• Qualifications or potential of the principal investigator(s) and adequacy of the facilities to conduct the research
    • Extent to which advanced scientific education will be enhanced through the involvement of students in the research
    • Impact of PRF funding the research, including the effect on the principal investigator’s overall research program
    • Newness of the research

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Proposal and Grant Budget Information

  • What budget period must I use on my proposal?

    The ACS PRF budget year is from September 1 to August 31 of the following year, but a Principal Investigator may request an early start date. Your start date must be the first day of a month, and all grant periods are at least one year long and end on an August 31. So, proposals requesting an early start date will have a “Year 1” longer than 12 months.

  • What start date can I use on my proposal budget?

    For proposals to be considered in October, the earliest start date is January 1 of the following year. For proposals to be considered in May, the earliest start date is July 1. If you are unsure when a proposal will be considered, this is noted in the footer of the application form.

  • May ACS PRF funds be used for overhead costs?

    No. Overhead or administrative costs may not be charged to any ACS PRF grant.

  • Are there any restrictions on foreign travel?

    ACS PRF has no special restrictions on foreign travel. Prior approval for travel, foreign or domestic, is not needed if travel support was included in the original budget. If travel funds were not included in the original budget, then approval for a budget change request is required. All travel, except previously approved field work necessary to carry out the research project, is subject to the limitation of $2000 per year of the original grant term for student and PI travel combined.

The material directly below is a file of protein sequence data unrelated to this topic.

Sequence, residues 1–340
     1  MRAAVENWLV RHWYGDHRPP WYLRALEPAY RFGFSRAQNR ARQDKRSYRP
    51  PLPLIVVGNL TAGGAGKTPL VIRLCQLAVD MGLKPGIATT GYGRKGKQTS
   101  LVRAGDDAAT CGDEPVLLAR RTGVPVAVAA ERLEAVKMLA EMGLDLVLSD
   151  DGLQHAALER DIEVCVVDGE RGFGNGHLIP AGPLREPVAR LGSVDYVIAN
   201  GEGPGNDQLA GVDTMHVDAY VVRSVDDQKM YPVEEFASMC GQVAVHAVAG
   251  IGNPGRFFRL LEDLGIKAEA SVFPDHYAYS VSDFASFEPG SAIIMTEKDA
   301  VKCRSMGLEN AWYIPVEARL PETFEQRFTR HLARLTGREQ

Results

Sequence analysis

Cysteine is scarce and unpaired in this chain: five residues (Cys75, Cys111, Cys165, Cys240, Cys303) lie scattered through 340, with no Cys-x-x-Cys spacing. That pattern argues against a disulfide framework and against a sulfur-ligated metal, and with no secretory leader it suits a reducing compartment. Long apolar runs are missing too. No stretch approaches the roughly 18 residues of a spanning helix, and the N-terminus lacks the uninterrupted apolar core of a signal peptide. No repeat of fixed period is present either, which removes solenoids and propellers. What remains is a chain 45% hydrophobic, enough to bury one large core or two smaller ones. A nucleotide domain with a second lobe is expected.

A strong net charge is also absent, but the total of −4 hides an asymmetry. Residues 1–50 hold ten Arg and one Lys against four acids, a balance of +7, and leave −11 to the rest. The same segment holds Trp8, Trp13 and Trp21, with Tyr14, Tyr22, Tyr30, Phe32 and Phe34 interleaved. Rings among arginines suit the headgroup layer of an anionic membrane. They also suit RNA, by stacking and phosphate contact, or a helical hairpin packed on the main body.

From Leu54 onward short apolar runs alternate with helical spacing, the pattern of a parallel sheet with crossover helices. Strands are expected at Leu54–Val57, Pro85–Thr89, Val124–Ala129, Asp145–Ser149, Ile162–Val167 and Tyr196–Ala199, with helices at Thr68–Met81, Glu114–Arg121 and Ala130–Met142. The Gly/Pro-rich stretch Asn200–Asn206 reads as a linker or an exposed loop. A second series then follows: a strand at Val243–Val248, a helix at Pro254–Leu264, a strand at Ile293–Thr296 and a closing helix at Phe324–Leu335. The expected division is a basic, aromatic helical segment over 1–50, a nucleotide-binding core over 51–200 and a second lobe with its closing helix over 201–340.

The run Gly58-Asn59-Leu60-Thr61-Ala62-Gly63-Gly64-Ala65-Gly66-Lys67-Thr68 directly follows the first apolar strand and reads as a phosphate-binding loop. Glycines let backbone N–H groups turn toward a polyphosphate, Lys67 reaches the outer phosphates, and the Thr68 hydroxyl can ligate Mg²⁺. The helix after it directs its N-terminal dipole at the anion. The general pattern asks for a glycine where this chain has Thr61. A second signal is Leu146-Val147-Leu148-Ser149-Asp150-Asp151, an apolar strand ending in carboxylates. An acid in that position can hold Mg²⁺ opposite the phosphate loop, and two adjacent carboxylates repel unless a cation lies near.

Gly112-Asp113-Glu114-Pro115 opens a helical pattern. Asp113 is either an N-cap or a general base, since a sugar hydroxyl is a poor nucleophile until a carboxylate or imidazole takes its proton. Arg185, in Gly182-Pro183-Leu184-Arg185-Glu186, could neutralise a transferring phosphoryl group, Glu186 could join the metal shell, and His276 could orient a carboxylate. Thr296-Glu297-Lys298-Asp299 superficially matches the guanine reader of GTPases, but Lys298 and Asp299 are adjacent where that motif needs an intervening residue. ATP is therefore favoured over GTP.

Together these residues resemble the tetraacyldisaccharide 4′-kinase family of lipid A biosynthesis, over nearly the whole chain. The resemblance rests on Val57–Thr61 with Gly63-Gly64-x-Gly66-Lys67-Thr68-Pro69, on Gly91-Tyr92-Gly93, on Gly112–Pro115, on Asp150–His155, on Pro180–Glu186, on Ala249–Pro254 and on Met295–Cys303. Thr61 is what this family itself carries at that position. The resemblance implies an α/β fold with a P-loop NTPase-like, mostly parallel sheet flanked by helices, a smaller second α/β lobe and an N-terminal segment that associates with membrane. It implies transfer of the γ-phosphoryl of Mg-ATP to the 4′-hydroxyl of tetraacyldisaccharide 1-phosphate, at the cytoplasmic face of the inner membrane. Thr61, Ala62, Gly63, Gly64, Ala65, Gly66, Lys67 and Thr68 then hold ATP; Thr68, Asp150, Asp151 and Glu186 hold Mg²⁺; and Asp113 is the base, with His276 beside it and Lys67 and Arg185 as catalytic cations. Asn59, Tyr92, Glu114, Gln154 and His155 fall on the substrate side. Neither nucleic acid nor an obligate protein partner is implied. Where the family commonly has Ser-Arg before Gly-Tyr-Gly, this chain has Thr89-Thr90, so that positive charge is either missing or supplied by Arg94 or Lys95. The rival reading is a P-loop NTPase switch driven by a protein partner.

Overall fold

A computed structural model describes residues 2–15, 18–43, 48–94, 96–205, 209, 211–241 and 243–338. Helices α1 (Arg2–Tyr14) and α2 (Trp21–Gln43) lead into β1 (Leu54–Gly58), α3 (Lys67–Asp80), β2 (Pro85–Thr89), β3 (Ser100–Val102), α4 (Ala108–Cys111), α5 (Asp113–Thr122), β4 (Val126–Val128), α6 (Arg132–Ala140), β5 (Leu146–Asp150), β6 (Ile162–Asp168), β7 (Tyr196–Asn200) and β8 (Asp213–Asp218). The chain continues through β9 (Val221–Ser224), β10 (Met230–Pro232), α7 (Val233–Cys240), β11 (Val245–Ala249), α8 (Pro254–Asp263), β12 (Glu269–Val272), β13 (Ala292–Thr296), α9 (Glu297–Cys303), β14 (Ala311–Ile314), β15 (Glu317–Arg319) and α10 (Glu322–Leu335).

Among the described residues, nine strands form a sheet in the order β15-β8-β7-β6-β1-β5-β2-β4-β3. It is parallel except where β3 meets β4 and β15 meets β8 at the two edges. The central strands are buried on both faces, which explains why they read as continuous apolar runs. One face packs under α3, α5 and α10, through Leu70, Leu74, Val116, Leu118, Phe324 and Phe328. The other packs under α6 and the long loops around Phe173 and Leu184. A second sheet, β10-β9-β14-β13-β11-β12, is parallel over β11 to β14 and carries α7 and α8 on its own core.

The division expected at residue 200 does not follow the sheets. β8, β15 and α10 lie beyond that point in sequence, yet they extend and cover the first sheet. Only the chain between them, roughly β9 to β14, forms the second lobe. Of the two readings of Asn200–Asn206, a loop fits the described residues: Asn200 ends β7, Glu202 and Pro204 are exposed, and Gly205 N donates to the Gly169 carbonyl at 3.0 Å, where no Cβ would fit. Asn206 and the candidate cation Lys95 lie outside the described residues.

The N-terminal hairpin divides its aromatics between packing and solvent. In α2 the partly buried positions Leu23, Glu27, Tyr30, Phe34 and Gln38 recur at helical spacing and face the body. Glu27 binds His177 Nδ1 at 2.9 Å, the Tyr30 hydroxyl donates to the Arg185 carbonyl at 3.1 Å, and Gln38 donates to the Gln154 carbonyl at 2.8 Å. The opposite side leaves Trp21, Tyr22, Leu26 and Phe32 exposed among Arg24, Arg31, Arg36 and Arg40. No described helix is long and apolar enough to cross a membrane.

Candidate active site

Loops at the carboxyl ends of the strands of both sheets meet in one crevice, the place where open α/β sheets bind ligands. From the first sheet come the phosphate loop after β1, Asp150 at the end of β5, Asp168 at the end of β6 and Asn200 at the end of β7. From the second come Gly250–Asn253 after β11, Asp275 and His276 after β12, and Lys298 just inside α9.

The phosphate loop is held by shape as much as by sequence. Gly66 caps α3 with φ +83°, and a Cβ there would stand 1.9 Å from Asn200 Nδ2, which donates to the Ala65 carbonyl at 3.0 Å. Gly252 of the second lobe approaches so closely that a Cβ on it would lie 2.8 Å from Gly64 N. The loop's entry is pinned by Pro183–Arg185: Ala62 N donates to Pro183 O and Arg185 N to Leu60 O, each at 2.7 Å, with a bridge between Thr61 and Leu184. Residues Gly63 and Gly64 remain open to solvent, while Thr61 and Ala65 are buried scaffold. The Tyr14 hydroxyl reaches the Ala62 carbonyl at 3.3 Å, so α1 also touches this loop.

Current Grantees

  • I would like to make some changes in the budget categories in my PRF grant. How may I do this?

    Prior written approval from PRF is required for budget changes. Contact your Program Manager or

  • I am changing institutions. May my award be transferred to the new institution?

    Yes, under most circumstances. Contact the ACS Research Grants Office for approval and the necessary forms.

  • What are the reporting requirements for grants?

    For research grants, annual financial, technical progress, and personnel reports are required and are due by October 1 of each year during which the grant has been in effect for at least twelve months. You will be contacted by the ACS Research Grants Office and sent the necessary instructions in late summer. Note that ACS PRF regulations require only a financial report and a personnel report (if students were supported) to be submitted for a grant time extension year.

  • Currently, I have an active PRF grant that is about to expire. May I obtain a time extension without additional funds?

    Yes. Email your request to your Program Manager. If you are not sure whom to contact, email Please note the PRF Advisory Board has placed a limit of two one-year no-cost, time-extensions to ACS PRF grants, except under extenuating circumstances.